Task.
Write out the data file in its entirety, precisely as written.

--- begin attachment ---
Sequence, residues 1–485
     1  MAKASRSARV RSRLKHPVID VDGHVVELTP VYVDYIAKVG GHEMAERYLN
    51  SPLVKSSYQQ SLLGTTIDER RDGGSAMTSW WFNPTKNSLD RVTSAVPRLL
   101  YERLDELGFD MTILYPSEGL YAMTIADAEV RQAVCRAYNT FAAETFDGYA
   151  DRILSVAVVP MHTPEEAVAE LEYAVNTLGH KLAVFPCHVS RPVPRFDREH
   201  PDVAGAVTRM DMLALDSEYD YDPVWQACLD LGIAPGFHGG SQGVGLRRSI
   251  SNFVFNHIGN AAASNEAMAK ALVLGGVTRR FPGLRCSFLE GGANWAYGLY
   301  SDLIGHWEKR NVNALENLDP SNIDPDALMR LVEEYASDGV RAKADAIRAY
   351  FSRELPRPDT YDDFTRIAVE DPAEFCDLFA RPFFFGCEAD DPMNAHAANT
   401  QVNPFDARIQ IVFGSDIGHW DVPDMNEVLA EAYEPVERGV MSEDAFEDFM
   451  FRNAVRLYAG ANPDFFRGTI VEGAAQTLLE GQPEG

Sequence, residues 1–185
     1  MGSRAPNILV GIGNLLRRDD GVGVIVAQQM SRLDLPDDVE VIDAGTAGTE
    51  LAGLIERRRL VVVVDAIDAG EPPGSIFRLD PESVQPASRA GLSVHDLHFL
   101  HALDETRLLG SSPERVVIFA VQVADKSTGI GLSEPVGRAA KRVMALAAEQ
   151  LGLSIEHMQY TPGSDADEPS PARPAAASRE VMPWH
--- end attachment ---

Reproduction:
Sequence, residues 1–485
     1  MAKASRSARV RSRLKHPVID VDGHVVELTP VYVDYIAKVG GHEMAERYLN
    51  SPLVKSSYQQ SLLGTTIDER RDGGSAMTSW WFNPTKNSLD RVTSAVPRLL
   101  YERLDELGFD MTILYPSEGL YAMTIADAEV RQAVCRAYNT FAAETFDGYA
   151  DRILSVAVVP MHTPEEAVAE LEYAVNTLGH KLAVFPCHVS RPVPRFDREH
   201  PDVAGAVTRM DMLALDSEYD YDPVWQACLD LGIAPGFHGG SQGVGLRRSI
   251  SNFVFNHIGN AAASNEAMAK ALVLGGVTRR FPGLRCSFLE GGANWAYGLY
   301  SDLIGHWEKR NVNALENLDP SNIDPDALMR LVEEYASDGV RAKADAIRAY
   351  FSRELPRPDT YDDFTRIAVE DPAEFCDLFA RPFFFGCEAD DPMNAHAANT
   401  QVNPFDARIQ IVFGSDIGHW DVPDMNEVLA EAYEPVERGV MSEDAFEDFM
   451  FRNAVRLYAG ANPDFFRGTI VEGAAQTLLE GQPEG

Sequence, residues 1–185
     1  MGSRAPNILV GIGNLLRRDD GVGVIVAQQM SRLDLPDDVE VIDAGTAGTE
    51  LAGLIERRRL VVVVDAIDAG EPPGSIFRLD PESVQPASRA GLSVHDLHFL
   101  HALDETRLLG SSPERVVIFA VQVADKSTGI GLSEPVGRAA KRVMALAAEQ
   151  LGLSIEHMQY TPGSDADEPS PARPAAASRE VMPWH